Feeds

eBay takes the Critical Path

Tat bazaar absorbs contractor

The Essential Guide to IT Transformation

Critical Path Software, the company that developed eBay's iPhone app, has been acquired by the online auction house which has also seen fit to coin the term "moppers" to describe mobile users.

eBay has been working with Portland, Oregon-based Critical Path Software for a few years now, on iOS applications designed to make it easier for customers to spend money on the move, or in the bath. By acquiring the company, eBay is taking that expertise in-house, and perhaps spreading some of it to the other mobile platforms the company supports.

Mobile access to auctions is booming, with eBay claiming that 340,000 users log on daily via mobile applications in the UK alone. Not only that, but apparently half that number spend more than £30 a week from their mobile phones. Given the popularity of mobile shopping, it is not surprising that eBay has acquired its leading developer, though neither company is saying how much the deal cost.

Critical Path has provided software development for a wide range of companies, lending a hand with the Mac version of Second Life for Linden Lab in 2006, and creating various cloud printing solutions. In July 2008, it released the official iPhone app for eBay, which the auctioneer tells us has now been downloaded more than 14 million times. Critical Path is very much an iPhone shop these days, and eBay's efforts on other platforms have been criticised as ugly and slow, so perhaps there's a hope of adding some iPhone shine to other platforms.

Mobile buying is certainly here to stay, though we reckon most of it is done from the sofa rather than the street, and we certainly won't be referring to eBay customers using mobile apps as "moppers", no matter how many times the company tells us to use the word.

Moppers looks set to join "mobification", "blook" and "smirting" in the list of words that initially appear as simple grabs for publicity, but rapidly become integrated into our daily language until we forget they were ever created by faceless corporations trying to show they're still hip to the scene. ®

Build a business case: developing custom apps

More from The Register

next story
Scotland's BIG question: Will independence cost me my broadband?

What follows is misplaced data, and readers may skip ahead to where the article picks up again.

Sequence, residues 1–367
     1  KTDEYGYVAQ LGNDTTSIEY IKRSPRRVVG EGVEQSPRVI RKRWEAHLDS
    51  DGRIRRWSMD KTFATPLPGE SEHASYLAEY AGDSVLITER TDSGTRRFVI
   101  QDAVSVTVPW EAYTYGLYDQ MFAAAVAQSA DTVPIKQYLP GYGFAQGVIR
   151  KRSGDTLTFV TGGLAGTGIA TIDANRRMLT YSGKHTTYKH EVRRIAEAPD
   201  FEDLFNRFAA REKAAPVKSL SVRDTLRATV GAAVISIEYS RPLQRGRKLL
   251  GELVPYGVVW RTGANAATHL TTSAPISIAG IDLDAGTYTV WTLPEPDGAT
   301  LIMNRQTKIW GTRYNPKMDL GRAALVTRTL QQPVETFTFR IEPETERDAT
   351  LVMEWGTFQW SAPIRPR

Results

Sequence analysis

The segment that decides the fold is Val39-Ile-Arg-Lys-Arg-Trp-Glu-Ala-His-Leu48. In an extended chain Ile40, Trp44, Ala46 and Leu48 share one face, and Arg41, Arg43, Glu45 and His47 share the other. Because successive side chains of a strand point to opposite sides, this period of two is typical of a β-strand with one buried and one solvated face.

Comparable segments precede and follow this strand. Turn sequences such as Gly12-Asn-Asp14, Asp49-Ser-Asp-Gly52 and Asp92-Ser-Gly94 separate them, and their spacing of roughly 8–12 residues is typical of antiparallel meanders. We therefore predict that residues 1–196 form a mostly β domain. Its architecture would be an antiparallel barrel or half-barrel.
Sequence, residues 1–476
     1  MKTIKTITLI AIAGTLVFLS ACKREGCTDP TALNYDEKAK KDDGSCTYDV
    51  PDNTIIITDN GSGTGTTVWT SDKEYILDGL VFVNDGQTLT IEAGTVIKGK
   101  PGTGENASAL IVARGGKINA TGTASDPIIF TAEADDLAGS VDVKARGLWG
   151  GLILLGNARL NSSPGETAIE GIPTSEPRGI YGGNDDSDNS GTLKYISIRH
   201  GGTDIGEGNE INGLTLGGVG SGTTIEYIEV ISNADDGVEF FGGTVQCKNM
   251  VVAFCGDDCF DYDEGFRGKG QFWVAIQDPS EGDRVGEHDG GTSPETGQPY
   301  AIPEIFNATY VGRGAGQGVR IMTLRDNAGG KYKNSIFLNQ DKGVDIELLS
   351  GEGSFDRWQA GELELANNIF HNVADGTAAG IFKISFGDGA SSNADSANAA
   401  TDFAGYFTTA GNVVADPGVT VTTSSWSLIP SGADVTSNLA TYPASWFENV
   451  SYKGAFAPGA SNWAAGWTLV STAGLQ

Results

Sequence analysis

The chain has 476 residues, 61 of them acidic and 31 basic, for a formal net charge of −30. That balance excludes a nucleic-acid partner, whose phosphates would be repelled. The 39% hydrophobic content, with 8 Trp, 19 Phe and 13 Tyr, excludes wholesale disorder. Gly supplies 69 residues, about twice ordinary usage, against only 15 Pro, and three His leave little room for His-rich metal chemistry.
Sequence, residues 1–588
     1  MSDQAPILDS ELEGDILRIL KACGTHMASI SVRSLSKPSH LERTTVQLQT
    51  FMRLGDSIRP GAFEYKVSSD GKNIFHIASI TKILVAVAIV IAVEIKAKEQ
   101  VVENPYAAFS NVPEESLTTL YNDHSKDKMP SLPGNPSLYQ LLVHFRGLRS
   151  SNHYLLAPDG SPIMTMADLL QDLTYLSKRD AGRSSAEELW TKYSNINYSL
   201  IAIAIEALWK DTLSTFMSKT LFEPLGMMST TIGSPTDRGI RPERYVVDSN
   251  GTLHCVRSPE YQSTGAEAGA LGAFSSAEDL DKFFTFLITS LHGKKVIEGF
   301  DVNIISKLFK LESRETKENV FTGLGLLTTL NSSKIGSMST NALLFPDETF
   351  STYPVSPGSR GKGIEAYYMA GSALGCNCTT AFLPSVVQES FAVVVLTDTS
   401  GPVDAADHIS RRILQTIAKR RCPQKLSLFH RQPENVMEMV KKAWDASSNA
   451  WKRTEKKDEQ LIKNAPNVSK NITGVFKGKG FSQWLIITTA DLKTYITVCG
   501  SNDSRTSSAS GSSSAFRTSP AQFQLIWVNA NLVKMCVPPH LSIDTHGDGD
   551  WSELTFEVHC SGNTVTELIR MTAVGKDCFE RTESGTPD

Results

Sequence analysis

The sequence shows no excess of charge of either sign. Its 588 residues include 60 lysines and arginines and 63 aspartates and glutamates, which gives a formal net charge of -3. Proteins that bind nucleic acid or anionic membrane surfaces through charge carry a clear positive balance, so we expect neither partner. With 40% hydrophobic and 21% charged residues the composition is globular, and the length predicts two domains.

They can take our lives, but they'll never take our SPECTRUM
Trying to sell your house? It'd better have KILLER mobile coverage
More NB than transport links to next-gen buyers - study
iWallet: No BONKING PLEASE, we're Apple
BLE-ding iPhones, not NFC bonkers, will drive trend - marketeers
Auntie remains MYSTIFIED by that weekend BBC iPlayer and website outage
Still doing 'forensics' on the caching layer – Beeb digi wonk
Speak your brains on SIGNAL-FREE mobile comms firm here
Is goTenna tech a goer? Time to grill CEO, CTO
NBN Co adds apartments to FTTP rollout
Commercial trial locations to go live in September
Samsung Z Tizen OS mobe is post-phoned – this time for good?
Russian launch for Sammy's non-droid knocked back
prev story

Whitepapers

Implementing global e-invoicing with guaranteed legal certainty
Explaining the role local tax compliance plays in successful supply chain management and e-business and how leading global brands are addressing this.
Boost IT visibility and business value
How building a great service catalog relieves pressure points and demonstrates the value of IT service management.
Why and how to choose the right cloud vendor
The benefits of cloud-based storage in your processes. Eliminate onsite, disk-based backup and archiving in favor of cloud-based data protection.
The Essential Guide to IT Transformation
ServiceNow discusses three IT transformations that can help CIO's automate IT services to transform IT and the enterprise.
Maximize storage efficiency across the enterprise
The HP StoreOnce backup solution offers highly flexible, centrally managed, and highly efficient data protection for any enterprise.